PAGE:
Liv­ing in un­cer­tain times

Some sim­ple lessons from our na­tion’s farm­ers and health­care providers

Modern Healthcare - - OPINIONS|EDITORIALS - DAVID MAY As­sis­tant Manag­ing Ed­i­tor/fea­tures

What’s hold­ing back the econ­omy? What’s trou­bling Wall Street? What’s re­ally ail­ing Amer­ica’s health­care sys­tem? It’s quite sim­ple: There’s just too much un­cer­tainty. All we need is a lit­tle more con­fi­dence about what the fu­ture might hold and ev­ery­thing should start to im­prove sig­nif­i­cantly. Or so we’re told.

We hear it con­stantly. If only small busi­nesses could be more cer­tain about their reg­u­la­tory burden or their ef­fec­tive tax rates, they might be more will­ing to start cre­at­ing more jobs. Af­ter all, they are the job creators. So we’re told.

The U.S. Supreme Court’s rul­ing on the Pa­tient Pro­tec­tion and Af­ford­able Care Act was fi­nally go­ing to bring about more clar­ity and cer­tainty re­gard­ing the law’s far­reach­ing ef­fects on em­ploy­ers, pay­ers, pa­tients and providers. So we were told.

The eu­ro­zone’s pub­lic-debt pan­demic has spread from Greece to Spain to Italy and be­yond. Back home, Tax­maged­don lurks. The fis­cal cliff looms. And a com­pet­i­tive pres­i­den­tial race is near­ing the home stretch.

Oh for even a small dose of that elu­sive cer­tainty to soothe our angst. Un­for­tu­nately, that medicine would be snake oil. Blam­ing a lack of cer­tainty for our dys­func­tional de­ci­sion­mak­ing is more prop­erly la­beled ex­cuse-mak­ing, be­cause with very few ex­cep­tions, cer­tainty is not of the real world.

Ku­dos to the lead­ers, in­no­va­tors and la­bor­ers, no mat­ter the in­dus­try, who move for­ward in their work weigh­ing risk and re­ward but al­most al­ways tak­ing a leap of faith to some de­gree.

Con­sider the na­tion’s farm­ers, es­pe­cially in this sum­mer of record­break­ing heat. Their ef­forts are al­most the ex­act op­po­site of bet­ting on a sure thing. Ev­ery­one knows how fickle na­ture can be, but how many of us would have guessed that dur­ing this sea­son nearly 80% of the coun­try would ex­pe­ri­ence some level of drought? How­ever dis­mal the fi­nal har­vest, farm­ers will be back next year, we can be sure of that.

Also de­serv­ing recog­ni­tion are the health­care play­ers, no­tably hos­pi­tals, physi­cians and pay­ers, that continue to take a chance on the grand ex­per­i­ment of ac­count­able care. The con­cept, driven by pro­vi­sions of the health re­form law, pro­motes im­proved care at lower cost through a co­or­di­nated ap­proach em­pha­siz­ing well­ness and preven­tion. And the play­ers get to share in sav­ings achieved.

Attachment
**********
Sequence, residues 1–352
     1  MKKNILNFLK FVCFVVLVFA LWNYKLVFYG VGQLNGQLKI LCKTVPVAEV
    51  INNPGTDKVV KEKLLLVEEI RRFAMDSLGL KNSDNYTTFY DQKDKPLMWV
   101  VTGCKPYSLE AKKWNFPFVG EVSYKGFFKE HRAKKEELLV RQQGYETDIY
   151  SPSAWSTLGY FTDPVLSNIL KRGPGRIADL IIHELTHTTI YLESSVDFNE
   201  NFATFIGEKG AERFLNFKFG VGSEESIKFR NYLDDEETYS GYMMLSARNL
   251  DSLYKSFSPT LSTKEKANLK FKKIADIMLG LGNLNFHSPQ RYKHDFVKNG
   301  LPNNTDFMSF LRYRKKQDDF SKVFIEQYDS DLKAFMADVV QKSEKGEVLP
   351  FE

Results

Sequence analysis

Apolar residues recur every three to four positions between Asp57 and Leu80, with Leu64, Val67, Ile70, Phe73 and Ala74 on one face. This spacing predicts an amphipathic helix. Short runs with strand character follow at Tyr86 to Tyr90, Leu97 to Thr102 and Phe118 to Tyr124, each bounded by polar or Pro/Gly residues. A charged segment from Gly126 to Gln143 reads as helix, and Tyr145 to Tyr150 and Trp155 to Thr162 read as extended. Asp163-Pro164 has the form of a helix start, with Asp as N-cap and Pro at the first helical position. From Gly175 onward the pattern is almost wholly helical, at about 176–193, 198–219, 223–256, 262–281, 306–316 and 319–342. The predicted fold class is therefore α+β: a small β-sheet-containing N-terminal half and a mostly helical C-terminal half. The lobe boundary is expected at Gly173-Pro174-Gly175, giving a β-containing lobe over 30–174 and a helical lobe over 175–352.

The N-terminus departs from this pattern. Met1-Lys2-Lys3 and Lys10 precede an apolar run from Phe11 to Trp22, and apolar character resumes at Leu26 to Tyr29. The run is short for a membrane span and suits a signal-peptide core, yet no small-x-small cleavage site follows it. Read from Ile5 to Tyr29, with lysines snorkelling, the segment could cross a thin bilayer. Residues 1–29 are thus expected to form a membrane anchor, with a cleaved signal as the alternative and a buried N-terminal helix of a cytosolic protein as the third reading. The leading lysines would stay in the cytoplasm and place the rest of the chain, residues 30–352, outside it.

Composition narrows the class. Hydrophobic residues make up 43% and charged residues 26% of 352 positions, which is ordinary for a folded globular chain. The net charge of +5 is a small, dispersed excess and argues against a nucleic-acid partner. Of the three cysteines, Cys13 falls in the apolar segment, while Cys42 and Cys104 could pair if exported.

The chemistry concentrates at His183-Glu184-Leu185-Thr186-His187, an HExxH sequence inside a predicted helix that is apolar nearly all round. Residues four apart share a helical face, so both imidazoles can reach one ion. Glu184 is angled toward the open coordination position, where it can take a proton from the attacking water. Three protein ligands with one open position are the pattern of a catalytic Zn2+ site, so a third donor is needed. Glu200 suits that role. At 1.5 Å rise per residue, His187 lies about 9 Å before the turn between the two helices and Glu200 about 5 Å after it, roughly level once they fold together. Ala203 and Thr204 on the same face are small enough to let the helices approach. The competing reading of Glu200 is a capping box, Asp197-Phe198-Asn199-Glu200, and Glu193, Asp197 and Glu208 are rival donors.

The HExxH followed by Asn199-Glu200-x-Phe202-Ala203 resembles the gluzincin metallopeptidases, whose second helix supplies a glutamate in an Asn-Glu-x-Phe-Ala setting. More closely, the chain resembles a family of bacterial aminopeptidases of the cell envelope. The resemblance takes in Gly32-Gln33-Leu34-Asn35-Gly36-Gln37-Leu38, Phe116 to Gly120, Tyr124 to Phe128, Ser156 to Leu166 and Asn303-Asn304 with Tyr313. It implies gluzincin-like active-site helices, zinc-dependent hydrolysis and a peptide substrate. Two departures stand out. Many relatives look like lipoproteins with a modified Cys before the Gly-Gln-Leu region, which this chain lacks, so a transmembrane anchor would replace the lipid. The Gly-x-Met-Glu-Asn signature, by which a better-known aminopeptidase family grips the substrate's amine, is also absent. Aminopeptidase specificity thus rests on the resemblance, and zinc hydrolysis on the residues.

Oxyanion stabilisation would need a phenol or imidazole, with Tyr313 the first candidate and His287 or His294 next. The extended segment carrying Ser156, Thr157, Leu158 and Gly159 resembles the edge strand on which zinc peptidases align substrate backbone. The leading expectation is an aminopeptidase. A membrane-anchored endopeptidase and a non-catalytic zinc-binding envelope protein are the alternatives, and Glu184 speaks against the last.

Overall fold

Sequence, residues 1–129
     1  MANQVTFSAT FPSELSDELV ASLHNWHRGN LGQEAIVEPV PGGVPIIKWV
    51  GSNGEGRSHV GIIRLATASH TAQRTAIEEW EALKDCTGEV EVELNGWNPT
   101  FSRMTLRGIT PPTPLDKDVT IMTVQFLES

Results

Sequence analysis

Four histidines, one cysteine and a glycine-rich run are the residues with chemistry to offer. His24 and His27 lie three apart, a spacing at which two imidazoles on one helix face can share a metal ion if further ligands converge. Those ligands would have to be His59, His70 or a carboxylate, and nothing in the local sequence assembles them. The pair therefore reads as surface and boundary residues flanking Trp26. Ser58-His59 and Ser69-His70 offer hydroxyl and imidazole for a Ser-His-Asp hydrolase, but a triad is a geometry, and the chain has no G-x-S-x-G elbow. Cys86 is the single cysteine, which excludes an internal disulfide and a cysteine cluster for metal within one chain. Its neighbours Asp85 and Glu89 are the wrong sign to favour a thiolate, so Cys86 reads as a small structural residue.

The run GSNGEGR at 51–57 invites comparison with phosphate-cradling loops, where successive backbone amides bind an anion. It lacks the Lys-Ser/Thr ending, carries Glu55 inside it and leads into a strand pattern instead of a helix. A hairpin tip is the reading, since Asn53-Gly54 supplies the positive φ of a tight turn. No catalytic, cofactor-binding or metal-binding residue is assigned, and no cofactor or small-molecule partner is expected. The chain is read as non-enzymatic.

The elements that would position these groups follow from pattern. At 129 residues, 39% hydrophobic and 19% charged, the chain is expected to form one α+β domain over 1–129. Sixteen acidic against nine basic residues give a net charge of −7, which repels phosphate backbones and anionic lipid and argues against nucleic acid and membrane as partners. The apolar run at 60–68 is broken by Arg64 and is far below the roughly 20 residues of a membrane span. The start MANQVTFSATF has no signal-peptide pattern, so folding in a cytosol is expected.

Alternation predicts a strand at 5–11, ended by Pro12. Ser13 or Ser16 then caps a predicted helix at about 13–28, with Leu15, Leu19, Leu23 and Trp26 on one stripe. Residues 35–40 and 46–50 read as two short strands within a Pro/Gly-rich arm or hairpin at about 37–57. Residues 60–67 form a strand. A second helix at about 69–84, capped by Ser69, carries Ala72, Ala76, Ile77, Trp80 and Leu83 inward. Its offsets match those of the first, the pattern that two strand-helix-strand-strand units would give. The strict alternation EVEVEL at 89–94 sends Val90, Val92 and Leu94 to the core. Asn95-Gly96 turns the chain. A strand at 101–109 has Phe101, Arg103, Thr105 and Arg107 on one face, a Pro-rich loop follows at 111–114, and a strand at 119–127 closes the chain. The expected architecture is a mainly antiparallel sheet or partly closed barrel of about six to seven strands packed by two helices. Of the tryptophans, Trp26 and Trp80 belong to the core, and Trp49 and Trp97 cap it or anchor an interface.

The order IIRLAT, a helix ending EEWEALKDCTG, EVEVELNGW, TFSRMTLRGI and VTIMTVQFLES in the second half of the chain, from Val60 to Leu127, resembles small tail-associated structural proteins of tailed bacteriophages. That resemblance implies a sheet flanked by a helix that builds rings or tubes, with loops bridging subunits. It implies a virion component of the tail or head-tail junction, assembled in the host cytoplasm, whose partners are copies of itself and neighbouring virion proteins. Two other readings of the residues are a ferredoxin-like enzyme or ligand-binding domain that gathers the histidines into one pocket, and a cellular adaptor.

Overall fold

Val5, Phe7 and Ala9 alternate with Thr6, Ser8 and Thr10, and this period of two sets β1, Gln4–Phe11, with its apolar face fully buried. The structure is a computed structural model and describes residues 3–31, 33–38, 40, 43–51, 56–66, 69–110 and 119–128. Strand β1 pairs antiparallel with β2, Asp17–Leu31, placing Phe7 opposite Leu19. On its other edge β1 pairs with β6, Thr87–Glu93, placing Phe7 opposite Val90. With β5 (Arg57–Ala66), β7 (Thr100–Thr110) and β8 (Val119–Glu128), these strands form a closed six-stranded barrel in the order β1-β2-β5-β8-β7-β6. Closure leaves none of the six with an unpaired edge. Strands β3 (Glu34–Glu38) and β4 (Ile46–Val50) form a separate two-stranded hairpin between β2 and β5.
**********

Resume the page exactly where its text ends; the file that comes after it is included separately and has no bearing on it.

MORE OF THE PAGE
As Mod­ern Health­care re­porter Me­lanie Evans writes in our sec­ond an­nual Ac­count­able Care Or­ga­ni­za­tions Sur­vey re­port (See pullout sec­tion op­po­site this page), many ACO part­ners were will­ing to take a chance on the sus­tain­abil­ity of the con­cept even be­fore the Supreme Court ruled on the le­gal­ity of the ACA. Strik­ing down the law would have put Medi­care’s sup­port of the pro­gram in peril.

As Evans writes of one health sys­tem in­vest­ing in an ACO, “Of­fi­cials be­lieved that prepa­ra­tion for Medi­care ac­count­able care would not go to waste de­spite the un­cer­tainty ahead of the (Supreme Court) de­ci­sion. If the court threw out the ACA—and with it, Medi­care ac­count­able care—fledg­ling com­mer­cial ef­forts would nonethe­less continue.”

Lastly, we would like to pay trib­ute to an­other per­son who never let big-time un­cer­tainty get in the way of a pi­o­neer­ing role in our na­tion’s his­tory. This per­son is Sally Ride, who be­came Amer­ica’s first woman in space with her trail-blaz­ing flight aboard the space shut­tle Chal­lenger in 1983. Ride died last week at age 61 af­ter a bat­tle with pan­cre­atic can­cer. Her vo­ca­tion and pas­sion, in ad­di­tion to her risky work at NASA, in­spired chil­dren, es­pe­cially young girls, to learn to love the sub­jects of math, sci­ence and engi­neer­ing, just as she did.

She will be missed, but her legacy is in­deed cer­tain.

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